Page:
Three out of five global investors say the world economy has weathered the financial crisis and has stabilized two years after the collapse of Lehman Brothers Holdings Inc.
Few believe the economy is recovering, with only one in six of those surveyed describing it as expanding, according to a global quarterly poll of 1,408 investors, analysts and traders who are Bloomberg subscribers. Forty-one percent aren’t convinced the financial situation is stable and say further turbulence is likely.
“When taken as a whole, the world has stabilized,” says Uzi Zimmerman, a respondent to the Bloomberg Global Poll and managing member of Ventura Capital Management, a hedge fund in the Los Angeles area. “The emerging markets of Asia and Latin America are providing support to the global economic malaise.”
There are still danger spots, including the threat of government defaults, respondents say. Over the last three months, the percentage of those who say it’s likely Ireland will default more than doubled to 37 percent, according to the poll, conducted on Sept. 16-17. Still, a majority see this as unlikely.
Investors are responding to the economic environment by managing their money conservatively, according to the poll, which has a margin of error of plus or minus 2.6 percentage points. More than 40 percent are still hunkering down, while one in three are taking more risks. The rest say they are getting back to normal. Those percentages were little changed from the last poll in June.
‘Much More Diversified’
“In the absence of clarity on numerous issues, we are much more diversified,” says Buddie C. Ballard Jr., a principal in Alpha Capital Management in Austin, Texas. “We’ve increased our exposure into more asset classes with smaller position sizes and tactically apply stops to those positions” to limit losses.
The Paris-based Organization for Economic Cooperation and Development said on Sept. 9 that growth in the major industrial nations may slow to an annualized rate of about 1.5 percent in the second half of this year from 3 percent in the first half.
Europe is seen as a weak link in the world economy. More than three-quarters of those surveyed see a risk that the eurozone may dissolve eventually, and more than 20 percent of those describe such a threat as looming. That’s a more pessimistic take than in June, when a majority said the currency union would remain intact.
European investors are the most optimistic about the chances of avoiding a breakup of the eurozone; U.S. investors the least.
Shunning the Debt
Yields on 10-year bonds from Portugal and Ireland rose to their highest level since 1997 yesterday as investors shunned the debt of so-called periphery nations in Europe on renewed concern that banks in the region will require further government aid.
Irish Finance Minister Brian Lenihan said on Sept. 17 the government isn’t facing difficulty raising funds, seeking to end speculation that it may need external financial aid. Ireland had the euro region’s biggest budget deficit in 2009.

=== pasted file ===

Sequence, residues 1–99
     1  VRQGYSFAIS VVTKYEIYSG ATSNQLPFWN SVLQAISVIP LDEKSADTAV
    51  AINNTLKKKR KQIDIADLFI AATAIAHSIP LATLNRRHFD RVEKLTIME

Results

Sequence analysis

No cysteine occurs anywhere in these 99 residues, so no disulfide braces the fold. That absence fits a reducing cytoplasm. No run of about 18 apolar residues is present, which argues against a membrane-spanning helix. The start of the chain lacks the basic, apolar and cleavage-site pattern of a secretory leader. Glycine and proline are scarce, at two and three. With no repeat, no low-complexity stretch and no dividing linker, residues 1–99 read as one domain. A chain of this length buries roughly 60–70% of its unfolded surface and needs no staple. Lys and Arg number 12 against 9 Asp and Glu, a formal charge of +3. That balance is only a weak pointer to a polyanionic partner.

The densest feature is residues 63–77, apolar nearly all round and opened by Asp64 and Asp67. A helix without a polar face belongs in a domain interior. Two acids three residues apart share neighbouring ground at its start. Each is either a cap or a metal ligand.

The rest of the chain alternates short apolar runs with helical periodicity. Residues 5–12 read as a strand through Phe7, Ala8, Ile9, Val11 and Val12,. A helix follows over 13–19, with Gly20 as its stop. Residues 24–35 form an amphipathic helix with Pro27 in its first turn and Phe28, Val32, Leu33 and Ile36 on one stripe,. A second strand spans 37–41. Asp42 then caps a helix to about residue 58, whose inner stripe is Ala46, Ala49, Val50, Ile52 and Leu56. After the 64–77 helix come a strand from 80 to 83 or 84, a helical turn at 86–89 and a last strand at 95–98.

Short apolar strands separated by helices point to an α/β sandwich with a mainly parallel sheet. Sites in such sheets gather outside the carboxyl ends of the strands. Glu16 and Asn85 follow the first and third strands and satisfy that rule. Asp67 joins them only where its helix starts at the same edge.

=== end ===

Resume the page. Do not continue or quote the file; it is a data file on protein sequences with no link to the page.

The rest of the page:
Greece is still seen as the country most likely to default on its debt, with just over two-thirds of investors surveyed seeing that as probable. That’s down from the 73 percent who said they felt that way in June.
Among asset classes, commodities have gained the most in popularity among investors since the last poll. About one in three of those surveyed said commodities will offer the highest return over the next year. In June, 23 percent said that.
The Reuters/Jefferies CRB Index of 19 commodities has fallen 1.3 percent this year, led by declines in natural gas, cocoa and sugar, amid mounting concern about the strength of the global recovery.
Stocks are still seen as the number one investment over the next year, with 36 percent of those contacted saying equities will offer the highest return, little changed from June.
Almost half of investors surveyed see the Standard & Poor’s 500 index rising over the next six months, versus 28 percent who predict it will fall. Pluralities of more than 35 percent forecast that the Euro Stoxx 50 Index and FTSE index will be higher in six months time.
The S&P index has risen almost 2.5 percent this year. The Euro Stoxx 50 index has fallen 5.5 percent, while the FTSE 100 Index has risen 3.5 percent.
Bonds Worst Investment
“The most undervalued and best place to invest right now are developed countries, blue-chip equities with good dividend yields and a good dividend growth rate,” said Douglas Schoninger, president of DJS Capital Management in New York.
Government bonds are seen as the worst investment for the coming year. Almost half of those polled said they felt that way, up from 36 percent in June.
The yield on the U.S. Treasury’s 10-note stood at 2.71 percent as of 4 p.m. yesterday, compared with a 19-month low of 2.42 percent reached Aug. 25. Half of investors surveyed said they expect the yield to rise further over the next six months, about double those forecasting a fall.
Real estate also fared poorly in the poll, with one in four investors saying that would be the asset class with the worst return in the coming year.
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